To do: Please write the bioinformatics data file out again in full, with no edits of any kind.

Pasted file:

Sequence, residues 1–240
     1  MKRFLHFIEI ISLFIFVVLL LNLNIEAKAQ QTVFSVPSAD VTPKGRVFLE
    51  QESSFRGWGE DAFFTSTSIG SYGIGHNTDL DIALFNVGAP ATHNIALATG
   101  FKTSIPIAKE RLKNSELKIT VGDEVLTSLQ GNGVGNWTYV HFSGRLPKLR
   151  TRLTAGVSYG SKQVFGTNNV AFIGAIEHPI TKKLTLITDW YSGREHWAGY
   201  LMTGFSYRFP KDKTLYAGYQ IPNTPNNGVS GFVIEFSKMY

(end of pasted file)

Sequence, residues 1–240
     1  MKRFLHFIEI ISLFIFVVLL LNLNIEAKAQ QTVFSVPSAD VTPKGRVFLE
    51  QESSFRGWGE DAFFTSTSIG SYGIGHNTDL DIALFNVGAP ATHNIALATG
   101  FKTSIPIAKE RLKNSELKIT VGDEVLTSLQ GNGVGNWTYV HFSGRLPKLR
   151  TRLTAGVSYG SKQVFGTNNV AFIGAIEHPI TKKLTLITDW YSGREHWAGY
   201  LMTGFSYRFP KDKTLYAGYQ IPNTPNNGVS GFVIEFSKMY